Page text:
Does Media Partisanship Matter?

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Does Media Partisanship Matter?

In case anyone had any remaining doubts about the corruption of public television in Poland, a new survey by CBOS demonstrates starkly what has happened since the current government of Prawo i Sprawiedliwość (Law and Justice, or PiS) took over in 2015. There are three major television news networks in Poland: one public (Telewizja Polska, or TVP), and the two major private networks, TVN and Polsat. Americans, accustomed as we are to the pitifully small market share of our public TV stations, would be surprised by the situation in Poland (and many other European countries), where public stations dominate the airwaves. That was true before PiS came to power, and it remains true today.

After the elections of October, 2015, the new PiS-appointed management of TVP purged the network of anyone deemed insufficiently loyal to the new ruling party, all the way down to the sports and entertainment correspondents. At the time they justified this by pointing to the fact that the director of the public TV network has always been a political appointee, and that with each change of government there has been a change in management. That’s true, but those changes cannot be remotely compared to what has happened during the past two years. As I’ve written previously, the public TV news has become an embarrassing, unwatchable exercise in propaganda, as overt and unapologetic as anything one would see on Fox News in the United States, or on the news shows before 1989 in Poland. Every appearance or action of President Duda or Prime Minister Szydło is publicized with glowing coverage, while the protests of the opposition are described as the machinations of anti-Polish forces in league with nefarious foreign elements. There’s an abundance of information aimed at stirring up fears of immigrants, refugees, and Muslims in general, even though Poland has only the tiniest communities from the Arab world or North Africa. International figures like Donald Trump, Victor Orbán, or Marine Le Pen are shown in the best possible light, while advocates of liberal constitutional democracy are maligned.

I could offer a more careful media analysis to prove the claims in the last paragraph, but I don’t have to: the Polish viewers make the case for me. Back in 2012, a survey showed that 30% felt that the public TV news supported the government, then led by Donald Tusk and Platforma Obywatelska (Civic Platform, or PO). 44% considered these channels to be mostly nonpartisan.  Significantly, the figure was almost identical for TVN, while even fewer felt that Polsat had a clear ideological leaning. 

The transformation wrought by PiS could not be more obvious. While a somewhat larger group feels that TVN supports the parties of liberal constitutional democracy (which, to be honest, it does), there are few who pretend that TVP remains an independent news source.  Almost 2/3 of those surveyed recognize the public media as a government mouthpiece – a figure so high that it must include quite a few PiS supporters. Presumably, they want their media to be openly supportive of the state. Meanwhile, Polsat has retained a consistent image because the network has tried to avoid contentious topics as much as possible.  This leaves their news show somewhat bland, which might help explain their low ratings.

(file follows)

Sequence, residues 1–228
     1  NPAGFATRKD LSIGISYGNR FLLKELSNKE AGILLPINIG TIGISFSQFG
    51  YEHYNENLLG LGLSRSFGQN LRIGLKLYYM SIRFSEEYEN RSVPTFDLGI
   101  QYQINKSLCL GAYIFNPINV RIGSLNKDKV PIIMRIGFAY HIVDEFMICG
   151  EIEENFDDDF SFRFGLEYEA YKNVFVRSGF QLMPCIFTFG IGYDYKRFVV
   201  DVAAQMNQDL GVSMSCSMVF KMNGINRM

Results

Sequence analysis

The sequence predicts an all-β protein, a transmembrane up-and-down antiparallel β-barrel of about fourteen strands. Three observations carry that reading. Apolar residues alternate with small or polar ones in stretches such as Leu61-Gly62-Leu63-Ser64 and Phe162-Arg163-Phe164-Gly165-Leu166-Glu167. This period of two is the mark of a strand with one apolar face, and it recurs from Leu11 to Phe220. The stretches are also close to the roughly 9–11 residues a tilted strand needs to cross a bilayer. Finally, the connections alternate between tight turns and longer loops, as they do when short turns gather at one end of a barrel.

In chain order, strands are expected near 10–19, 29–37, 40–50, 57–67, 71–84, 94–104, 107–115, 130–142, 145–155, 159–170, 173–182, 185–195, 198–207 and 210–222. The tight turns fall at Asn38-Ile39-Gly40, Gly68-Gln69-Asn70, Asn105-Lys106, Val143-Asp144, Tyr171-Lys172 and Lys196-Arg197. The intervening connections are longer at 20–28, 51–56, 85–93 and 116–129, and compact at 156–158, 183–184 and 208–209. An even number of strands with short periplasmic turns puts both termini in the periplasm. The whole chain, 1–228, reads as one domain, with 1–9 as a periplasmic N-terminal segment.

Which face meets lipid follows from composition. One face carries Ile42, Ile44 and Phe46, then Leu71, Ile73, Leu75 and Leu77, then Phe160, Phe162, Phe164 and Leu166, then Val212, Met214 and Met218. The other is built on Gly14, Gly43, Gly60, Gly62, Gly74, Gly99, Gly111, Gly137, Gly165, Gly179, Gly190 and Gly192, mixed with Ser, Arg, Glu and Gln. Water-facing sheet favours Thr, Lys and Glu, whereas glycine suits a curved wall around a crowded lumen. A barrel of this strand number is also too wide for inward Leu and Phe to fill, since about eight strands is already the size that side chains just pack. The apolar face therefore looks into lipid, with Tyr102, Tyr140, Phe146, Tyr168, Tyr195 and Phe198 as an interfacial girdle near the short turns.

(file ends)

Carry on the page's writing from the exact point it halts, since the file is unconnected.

The interesting upshot of this is that the news media might have less influence than we tend to imagine. There haven’t been any dramatic changes in party preferences over the past year, though PiS has fallen and Platforma gained a little bit.  The aggregate polling for the past month gives us this breakdown:

The major difference between this picture and the election results from 2015 is that PiS has lost quite a few percentage points to other right-wing parties, while Platforma has gained vis-à-vis the other parties of the center and left. But the overall picture hasn’t changed all that much.  In other words, the over-the-top propaganda of TVP, even though it is still watched by so many millions of Poles, hasn’t shifted the needle much.  Similarly, the equally explicit (though less tendentious) defense of constitutionalism and liberalism on TVN has failed to convince very many former PiS voters to step out against Jarosław Kaczyński’s rule.  We tend to place a great deal of our hopes and concerns onto the media, but perhaps this whole sphere is less important than we used to think (or less important than it once was).

About Author

Brian Porter-Szucs

Brian Porter-Szucs is a Thurnau Professor of History at the University of Michigan, where he specializes in the history of Poland, Catholicism, and modern economic thought.

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